Volume 48, Issue 07
"This new therapy could change the landscape for the treatment of advanced prostate cancer," Thrasher writes.
Thrasher, a Urology Times® Editorial Consultant, is executive director of the American Board of Urology, Charlottesville, Virginia.
Androgen deprivation therapy (ADT) has been a mainstay of treatment for advanced prostate cancer for decades and has been shown to provide long-term disease control and improve symptoms. However, there is evidence that ADT increases cardiovascular (CV) risk, especially in men with preexisting CV disease.1 Additional concerns for gonadotropin-releasing hormone (GnRH) agonists are delayed castrate levels of testosterone and the need for intermittent injections, among many others.
The recent results of a phase 3 randomized controlled trial investigating relugolix, an oral GnRH antagonist, vs leuprolide may change the landscape in the treatment of advanced prostate cancer (see article, page 8). HERO (NCT03085095) was a multinational, open-label trial that randomized 934 men 2:1 to treatment with relugolix (360 mg on day 1, then 120 mg po qd) or subcutaneous leuprolide injection 22.5 mg (11.25 mg in Japan and Taiwan) every 3 months. Eligible men had confirmed advanced prostate cancer defined as biochemical or clinical relapse, metastatic disease, or advanced localized disease. Additionally, the men had to have serum testosterone levels of 150 ng/dL or greater, serum prostate-specific antigen above 2 ng/mL, and require at least 1 year of ADT. Men with a history of ADT for more than 18 months, active liver disease, or significant CV risk were excluded. The primary end point for the study was sustained castrate levels of testosterone
(< 50 ng/dL) through the 48-week study.
The 2 groups were well balanced in their clinical characteristics. In addition, both arms met the primary end point with 96.7% of relugolix patients and 88.8% of leuprolide patients achieving sustained suppression of testosterone.
Key differences in secondary end points were a much quicker suppression to castrate levels (56% vs 0%, at day 4) and a quicker return to normal by day 90 (54% vs 3%) in the relugolix vs leuprolide arms, respectively. As expected, it took approximately 1 month for the leuprolide-treated patients to reach castrate levels. Known adverse events (AEs) such as hot flushes and fatigue were very similar in both groups, with more grade 1 or 2 diarrhea in the relugolix arm, but this did not result in study discontinuation. Major adverse cardiovascular events (MACE) were 2.9% in the relugolix-treated patients and 6.2% in the leuprolide-treated patients. The authors performed a Kaplan-Meier analysis of cumulative MACE incidence over the study period and found a 54% risk reduction in the relugolix group.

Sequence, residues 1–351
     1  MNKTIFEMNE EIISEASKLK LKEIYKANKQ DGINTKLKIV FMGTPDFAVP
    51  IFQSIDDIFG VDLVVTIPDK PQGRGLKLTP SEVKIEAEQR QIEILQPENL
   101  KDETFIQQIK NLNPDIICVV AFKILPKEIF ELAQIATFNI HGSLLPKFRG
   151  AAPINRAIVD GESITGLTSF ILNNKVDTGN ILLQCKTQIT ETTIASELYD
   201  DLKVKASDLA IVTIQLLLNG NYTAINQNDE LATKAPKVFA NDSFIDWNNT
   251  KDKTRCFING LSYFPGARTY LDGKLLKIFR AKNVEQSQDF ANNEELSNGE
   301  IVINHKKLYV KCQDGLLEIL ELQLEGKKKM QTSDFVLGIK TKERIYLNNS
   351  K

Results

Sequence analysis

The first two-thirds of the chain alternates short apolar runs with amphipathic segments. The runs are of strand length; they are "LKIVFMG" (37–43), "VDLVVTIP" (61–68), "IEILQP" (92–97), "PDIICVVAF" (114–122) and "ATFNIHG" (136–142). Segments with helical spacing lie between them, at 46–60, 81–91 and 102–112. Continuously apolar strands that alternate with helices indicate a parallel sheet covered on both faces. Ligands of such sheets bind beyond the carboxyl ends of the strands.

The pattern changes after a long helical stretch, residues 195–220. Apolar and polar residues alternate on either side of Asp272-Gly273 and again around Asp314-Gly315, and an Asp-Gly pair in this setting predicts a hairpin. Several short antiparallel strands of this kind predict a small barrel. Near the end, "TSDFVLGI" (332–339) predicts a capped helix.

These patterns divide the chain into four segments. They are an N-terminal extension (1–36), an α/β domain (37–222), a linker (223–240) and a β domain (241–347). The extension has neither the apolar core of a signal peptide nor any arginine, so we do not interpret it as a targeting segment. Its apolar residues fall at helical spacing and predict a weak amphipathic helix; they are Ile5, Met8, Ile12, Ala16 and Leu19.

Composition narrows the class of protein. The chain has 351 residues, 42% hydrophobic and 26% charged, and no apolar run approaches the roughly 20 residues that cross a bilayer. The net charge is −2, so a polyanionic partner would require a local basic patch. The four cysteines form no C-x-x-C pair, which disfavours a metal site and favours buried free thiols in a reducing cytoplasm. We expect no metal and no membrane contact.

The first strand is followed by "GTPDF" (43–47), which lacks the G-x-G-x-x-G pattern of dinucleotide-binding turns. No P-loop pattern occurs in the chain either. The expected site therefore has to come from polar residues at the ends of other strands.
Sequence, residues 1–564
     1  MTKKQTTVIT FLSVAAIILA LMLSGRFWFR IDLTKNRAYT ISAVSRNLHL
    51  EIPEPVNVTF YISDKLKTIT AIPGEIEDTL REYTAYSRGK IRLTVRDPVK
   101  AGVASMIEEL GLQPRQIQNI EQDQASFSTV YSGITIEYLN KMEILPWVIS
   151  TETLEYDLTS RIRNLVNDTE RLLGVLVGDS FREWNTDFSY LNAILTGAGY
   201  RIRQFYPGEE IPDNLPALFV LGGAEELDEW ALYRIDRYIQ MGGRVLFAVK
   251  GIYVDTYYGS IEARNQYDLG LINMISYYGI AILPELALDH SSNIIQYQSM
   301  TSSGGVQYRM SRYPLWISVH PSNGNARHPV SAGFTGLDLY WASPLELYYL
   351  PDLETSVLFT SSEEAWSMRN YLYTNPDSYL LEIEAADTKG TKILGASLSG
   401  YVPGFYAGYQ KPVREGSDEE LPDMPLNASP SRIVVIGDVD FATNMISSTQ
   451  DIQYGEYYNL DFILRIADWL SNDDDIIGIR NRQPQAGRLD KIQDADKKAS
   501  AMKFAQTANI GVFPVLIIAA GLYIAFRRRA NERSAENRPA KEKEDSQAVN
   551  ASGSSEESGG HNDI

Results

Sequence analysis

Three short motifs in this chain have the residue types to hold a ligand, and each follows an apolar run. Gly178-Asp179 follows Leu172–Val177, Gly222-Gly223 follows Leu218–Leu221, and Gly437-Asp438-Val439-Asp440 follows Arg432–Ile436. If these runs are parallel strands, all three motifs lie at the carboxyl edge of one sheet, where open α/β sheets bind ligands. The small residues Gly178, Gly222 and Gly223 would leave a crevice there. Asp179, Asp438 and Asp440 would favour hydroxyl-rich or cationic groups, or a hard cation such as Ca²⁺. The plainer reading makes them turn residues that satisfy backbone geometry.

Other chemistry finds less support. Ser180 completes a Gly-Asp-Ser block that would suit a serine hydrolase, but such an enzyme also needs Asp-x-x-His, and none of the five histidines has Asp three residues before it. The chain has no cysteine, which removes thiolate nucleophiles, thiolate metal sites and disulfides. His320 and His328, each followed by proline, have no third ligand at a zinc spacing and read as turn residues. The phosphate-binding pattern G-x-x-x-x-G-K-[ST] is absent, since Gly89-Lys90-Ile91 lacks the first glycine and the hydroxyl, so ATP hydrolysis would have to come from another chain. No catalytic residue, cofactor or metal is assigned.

If further studies confirm the efficacy and lower CV adverse effects with this new oral GnRH antagonist, this could make a substantial impact on most urologists’ practices. Patients could avoid an injection, initial testosterone surge would be alleviated, and a significant reduction in CV events would be realized. However, several questions remain to be answered, among them the following: 1. What will be the cost of this new oral therapy? 2. Will third-party payers reimburse for the therapy with currently available injectables already on the market? 3. Will the quicker testosterone recovery make this a more appealing option for intermittent therapy? 4. Might we see more gastrointestinal AEs in a larger trial? 5. What will the AE profile look like when this drug is given in conjunction with nonsteroidal antiandrogens such as bicalutamide?
Although there remain several unanswered questions about this new drug, the initial report is very promising. This new therapy could change the landscape for the treatment of advanced prostate cancer.
1. Van Hemelrijck M, Garmo H, Holmberg L, et al. Absolute and relative risk of cardiovascular disease in men with prostate cancer: results from the population-based PCBaSe Sweden. J Clin Oncol. 2010;28(21):3448-3456. doi:10.1200/JCO.2010.29.1567